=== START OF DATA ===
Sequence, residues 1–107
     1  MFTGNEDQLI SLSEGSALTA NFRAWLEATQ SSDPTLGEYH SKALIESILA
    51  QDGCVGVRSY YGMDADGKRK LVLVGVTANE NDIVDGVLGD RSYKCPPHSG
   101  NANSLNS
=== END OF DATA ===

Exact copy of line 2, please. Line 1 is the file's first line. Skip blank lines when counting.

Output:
     1  MFTGNEDQLI SLSEGSALTA NFRAWLEATQ SSDPTLGEYH SKALIESILA